Let’s make no mistake — there is nothing that is accepted or propagated by late capitalist, neoliberal, patriarchal, colonising white culture that wants you to feel whole, worthy, or connected. Happy people don’t buy Product, and are disinterested and even bored by the notion of having power over others. To be accepted by mainstream culture, yoga has had to stop being Yoga.
And I think that about sums it up. I’ve facilitated workshops on yoga and social justice, I’ve taught classes with social justice themes woven throughout, co-led classes for donations that went directly to legal support for folks caught up and arrested during the Baltimore uprising of 2015-but it is impossible, I think, for yoga-as-business to ever do much besides make people who can afford it feel better about themselves and their place within imperialist-white supremacist-capitalist patriarchy. And maybe what I’m really doing in this piece is admitting to a naïveté that, until recently, I clung to as a part of my identity-the naïveté that a stolen spiritual practice, diluted, bastardized, and sold for an absolutely obscene amount of money could ever hold the potential to help bring justice and liberation to all people.
Even More Personal…
I can’t publish this piece without talking about my experience with the owners of my former “yoga home”. That experience has influenced my feelings on yoga-world more than I would like to admit and it would be disingenuous for me to leave that out.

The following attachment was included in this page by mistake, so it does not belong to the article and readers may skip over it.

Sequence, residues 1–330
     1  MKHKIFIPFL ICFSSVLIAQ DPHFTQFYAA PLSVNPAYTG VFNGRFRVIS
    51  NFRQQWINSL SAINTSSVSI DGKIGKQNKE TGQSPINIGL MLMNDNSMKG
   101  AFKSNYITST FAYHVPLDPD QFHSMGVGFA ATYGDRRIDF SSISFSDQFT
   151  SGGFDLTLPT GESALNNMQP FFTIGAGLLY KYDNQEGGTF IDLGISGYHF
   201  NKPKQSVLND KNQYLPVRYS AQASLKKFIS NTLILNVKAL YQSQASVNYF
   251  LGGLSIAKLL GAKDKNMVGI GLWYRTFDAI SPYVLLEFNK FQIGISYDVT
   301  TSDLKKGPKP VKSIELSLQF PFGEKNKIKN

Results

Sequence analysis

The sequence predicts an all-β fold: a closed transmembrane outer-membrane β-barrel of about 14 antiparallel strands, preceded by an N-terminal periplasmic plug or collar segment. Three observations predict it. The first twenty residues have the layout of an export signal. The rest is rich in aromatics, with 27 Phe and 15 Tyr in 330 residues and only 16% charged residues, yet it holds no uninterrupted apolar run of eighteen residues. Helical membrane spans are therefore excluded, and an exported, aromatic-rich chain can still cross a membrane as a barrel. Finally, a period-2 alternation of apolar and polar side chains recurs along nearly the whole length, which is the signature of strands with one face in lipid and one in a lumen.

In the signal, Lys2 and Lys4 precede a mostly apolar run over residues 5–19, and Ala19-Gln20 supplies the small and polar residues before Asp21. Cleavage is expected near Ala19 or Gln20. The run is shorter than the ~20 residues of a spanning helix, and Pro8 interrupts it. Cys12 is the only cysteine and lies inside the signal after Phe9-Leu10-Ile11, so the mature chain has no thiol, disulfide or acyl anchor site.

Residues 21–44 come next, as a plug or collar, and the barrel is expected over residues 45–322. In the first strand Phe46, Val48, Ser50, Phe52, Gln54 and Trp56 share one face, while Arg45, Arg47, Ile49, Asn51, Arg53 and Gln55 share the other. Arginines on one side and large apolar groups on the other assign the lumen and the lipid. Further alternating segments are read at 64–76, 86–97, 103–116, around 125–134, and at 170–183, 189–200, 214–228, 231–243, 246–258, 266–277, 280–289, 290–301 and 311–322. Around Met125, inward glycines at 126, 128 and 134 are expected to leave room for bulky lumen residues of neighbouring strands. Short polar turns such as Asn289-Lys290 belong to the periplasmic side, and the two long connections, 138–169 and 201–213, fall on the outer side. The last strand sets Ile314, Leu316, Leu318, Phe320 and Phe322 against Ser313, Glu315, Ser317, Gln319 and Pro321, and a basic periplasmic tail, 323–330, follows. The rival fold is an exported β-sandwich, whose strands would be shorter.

A brief backstory-a friend introduced me to this studio at one of the most challenging times in my life. I was impressed by the slightly (slightly) more diverse crowd than other studios I had been to, the willingness to work with people like myself with slightly lower incomes than most of the people who attended classes there, and a generally laid-back, “community” vibe. I was also in a terribly vulnerable place and felt like I could forget about my life for the time I was there-people there were friendly enough, and I needed human connection, as we all do. Over time, I worked at the studio in exchange for free classes, did their teacher training, started teaching regular classes, and apprenticed for one of the owners as her assistant in classes and in her teacher training.
Eventually, I felt stuck in my teaching and reached out for help. After not receiving help, and with minimal communication in general, I was fired. I could add all the speculative reasons as to why I was fired-my politics, specifically on social media, the fact that I don’t have a typical “yoga body”, and the fact that after a year of apprenticeship I no longer had the energy to dedicate to that-but, suffice to say, I felt pretty used up. All of my free/low cost labor and dedication didn’t even warrant anything resembling actual support and constructive feedback on my teaching. When I made my feelings known to the studio owners, I was met with defensiveness, gaslighting, and all manner of verbal/emotional abuse. And, to be honest, I’m still pretty angry about it. But it was also the catalyst for me to move on, and I’m definitely better off now.